Monday, April 12, 2004 | 10:39 a.m.
The Ellis Island Casino & Brewery in Las Vegas has agreed to invest in its around-the-corner neighbor, the Tuscany Suites and Casino Resort, and plans to take over management of the Tuscany's casino after getting an OK from Nevada gaming regulators, Ellis Island's lawyer said Friday.
Responding to a Las Vegas Sun query to Ellis Island owner Gary Ellis about the deal, lawyer Frank Ellis III, Gary's brother, issued a statement acknowledging that a transfer has been agreed to, subject to regulatory approval.
"Ellis Island Casino & Brewery has entered into an exclusive letter of intent with the Tuscany Casino," the statement noted. "The agreement is subject to the approval of all regulatory agencies, including the Nevada Gaming Control Board. Upon approval Ellis Island will have joint ownership in the business and real property, and will manage the casino."
Ellis Island executives declined to say when they expect the casino change of control to take place, to estimate the cost of the transaction or comment on whether it would affect operations at Ellis Island.
Ellis Island President Karen Dorsey said that lawyer Ellis' statement was all the property was willing to disclose.
Industry observers have long noted the lack of casino customers, particularly midweek, at the Tuscany.
The East Flamingo Road casino opened in January 2003, but never was able to attract the customers it courted: Strip workers, other locals and convention visitors.
One of the big reasons has been competition from Ellis Island and other nearby properties with established local customer bases, Las Vegas Advisor publisher Anthony Curtis said.
Ellis Island captures Strip workers on their way to and from work at its Koval Lane spot just south of Flamingo Road, offering better food specials and cheaper drinks than properties owned by Station Casinos, Coast Casinos and others, Curtis said.
The Tuscany hasn't been able to steal much of that market.
Ellis Island is well-known for its popular, every-night-of-the-week karaoke lounge, for offering free drinks to casino workers and for its steak specials -- under $4 on Thursdays, under $5 the rest of the week.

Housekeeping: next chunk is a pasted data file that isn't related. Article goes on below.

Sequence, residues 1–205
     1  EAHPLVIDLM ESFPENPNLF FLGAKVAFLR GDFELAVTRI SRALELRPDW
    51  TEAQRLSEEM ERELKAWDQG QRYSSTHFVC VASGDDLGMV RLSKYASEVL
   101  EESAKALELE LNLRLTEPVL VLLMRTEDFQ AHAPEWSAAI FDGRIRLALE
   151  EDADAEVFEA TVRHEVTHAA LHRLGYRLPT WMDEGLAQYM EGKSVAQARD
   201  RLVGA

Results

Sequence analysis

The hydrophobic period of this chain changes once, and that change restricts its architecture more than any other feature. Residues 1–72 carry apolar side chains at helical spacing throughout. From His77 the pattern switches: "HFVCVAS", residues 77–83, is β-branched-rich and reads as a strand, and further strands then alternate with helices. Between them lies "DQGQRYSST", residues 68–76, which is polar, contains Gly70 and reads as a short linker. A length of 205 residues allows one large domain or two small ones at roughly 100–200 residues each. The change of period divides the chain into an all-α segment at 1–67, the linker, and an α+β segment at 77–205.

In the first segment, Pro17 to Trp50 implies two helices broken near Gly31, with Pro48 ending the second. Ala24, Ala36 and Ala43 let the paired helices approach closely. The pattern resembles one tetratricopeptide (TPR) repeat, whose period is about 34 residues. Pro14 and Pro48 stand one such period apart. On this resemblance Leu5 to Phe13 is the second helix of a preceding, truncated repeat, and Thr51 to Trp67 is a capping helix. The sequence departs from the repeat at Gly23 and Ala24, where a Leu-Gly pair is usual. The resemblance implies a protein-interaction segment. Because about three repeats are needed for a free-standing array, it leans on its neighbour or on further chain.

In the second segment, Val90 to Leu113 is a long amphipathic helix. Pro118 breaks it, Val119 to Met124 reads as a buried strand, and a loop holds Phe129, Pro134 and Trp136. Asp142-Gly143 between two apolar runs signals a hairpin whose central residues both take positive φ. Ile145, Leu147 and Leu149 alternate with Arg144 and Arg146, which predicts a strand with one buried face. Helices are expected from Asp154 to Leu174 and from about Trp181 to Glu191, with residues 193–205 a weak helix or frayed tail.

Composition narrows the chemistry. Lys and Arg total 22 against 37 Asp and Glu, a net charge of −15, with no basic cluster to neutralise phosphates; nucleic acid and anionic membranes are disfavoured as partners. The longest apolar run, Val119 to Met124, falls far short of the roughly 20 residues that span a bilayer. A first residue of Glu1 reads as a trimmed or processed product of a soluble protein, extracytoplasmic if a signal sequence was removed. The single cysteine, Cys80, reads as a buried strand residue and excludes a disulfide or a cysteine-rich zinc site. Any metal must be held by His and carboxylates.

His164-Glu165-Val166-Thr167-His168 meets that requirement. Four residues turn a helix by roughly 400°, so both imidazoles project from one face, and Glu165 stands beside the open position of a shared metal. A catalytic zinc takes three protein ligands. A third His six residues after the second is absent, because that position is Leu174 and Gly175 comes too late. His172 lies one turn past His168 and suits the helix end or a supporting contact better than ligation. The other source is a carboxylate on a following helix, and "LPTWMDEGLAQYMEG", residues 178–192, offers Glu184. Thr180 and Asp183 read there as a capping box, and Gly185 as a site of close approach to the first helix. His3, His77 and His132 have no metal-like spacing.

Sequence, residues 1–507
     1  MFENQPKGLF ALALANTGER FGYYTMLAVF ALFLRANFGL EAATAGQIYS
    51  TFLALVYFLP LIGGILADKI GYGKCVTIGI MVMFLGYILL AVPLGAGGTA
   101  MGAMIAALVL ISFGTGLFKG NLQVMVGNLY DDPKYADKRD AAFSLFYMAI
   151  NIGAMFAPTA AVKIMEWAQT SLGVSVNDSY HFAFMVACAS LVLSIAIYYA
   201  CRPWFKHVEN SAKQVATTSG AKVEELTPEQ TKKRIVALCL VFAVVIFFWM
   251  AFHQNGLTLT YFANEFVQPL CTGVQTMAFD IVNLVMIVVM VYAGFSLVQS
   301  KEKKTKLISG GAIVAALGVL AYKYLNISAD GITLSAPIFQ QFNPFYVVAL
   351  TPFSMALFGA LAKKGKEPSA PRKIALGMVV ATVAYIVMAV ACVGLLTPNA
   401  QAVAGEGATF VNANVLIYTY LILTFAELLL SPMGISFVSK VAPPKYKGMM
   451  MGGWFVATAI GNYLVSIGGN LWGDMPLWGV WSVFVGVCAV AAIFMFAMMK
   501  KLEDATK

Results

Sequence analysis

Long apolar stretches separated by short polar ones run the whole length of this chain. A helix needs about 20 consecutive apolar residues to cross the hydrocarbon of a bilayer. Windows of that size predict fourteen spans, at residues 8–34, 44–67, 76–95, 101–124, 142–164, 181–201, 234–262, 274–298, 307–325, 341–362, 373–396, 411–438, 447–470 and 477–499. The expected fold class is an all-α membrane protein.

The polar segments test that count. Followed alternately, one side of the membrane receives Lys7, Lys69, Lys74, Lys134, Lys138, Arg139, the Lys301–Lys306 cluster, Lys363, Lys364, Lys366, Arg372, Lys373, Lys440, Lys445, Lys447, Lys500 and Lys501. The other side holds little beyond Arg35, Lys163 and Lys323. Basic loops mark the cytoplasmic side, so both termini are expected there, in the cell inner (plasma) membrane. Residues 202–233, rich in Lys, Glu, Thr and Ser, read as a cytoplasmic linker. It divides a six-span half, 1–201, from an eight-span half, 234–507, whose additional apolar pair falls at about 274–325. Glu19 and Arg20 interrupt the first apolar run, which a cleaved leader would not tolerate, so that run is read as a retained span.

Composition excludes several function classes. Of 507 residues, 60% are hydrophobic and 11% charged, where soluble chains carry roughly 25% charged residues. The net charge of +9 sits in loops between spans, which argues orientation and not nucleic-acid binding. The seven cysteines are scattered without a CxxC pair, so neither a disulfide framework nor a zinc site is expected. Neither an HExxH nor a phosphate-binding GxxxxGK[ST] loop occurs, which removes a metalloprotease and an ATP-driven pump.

Curtis' Advisor regularly lists the Ellis Island steak special among the top values in the city.
Ellis' planned investment in the property requires approval from Nevada gaming regulators.
The Control Board would have to vote to recommend Ellis' purchase of an ownership share and operation of the casino, which would then need final approval from the Nevada Gaming Commission.
Tuscany General Manager Tom Guth said Friday that property co-owner Charles Heers was in San Diego and wasn't available to comment. He said Heers would be in Las Vegas this week and would issue a statement.
"The story's premature," said Guth, who replaced former GM Bruce Fraser, who opened the Tuscany's casino early last year after the property opened its 716 suites in December 2001.
Heers and Arizona-based contractor Bob Yost own the Tuscany, which has a 60,000-square-foot casino, about 660 slots and a 14-table game pit.
Heers bought the property from the Howard Hughes estate in 1988, but struggled to line up financing for a proposed Caribbean casino resort, leaving only a big wooden ship-shaped sign advertising the never-built property.
Instead, he and builder Yost developed and built the Tuscany.
Yost said this morning that the owners expected the property's first year to be slow.
"We anticipated that it would take a year to build up the business," Yost said. "But we've been doing better than expected since the first of the year."
Ellis Island was opened in 1967 as the Village Pub by Frank Ellis Jr., father of current Ellis Island owner Gary Ellis, who also owns the Las Vegas-area chain of Village Pubs, and of Frank Ellis III, the lawyer said.
The family changed the name to Ellis Island about 18 years ago.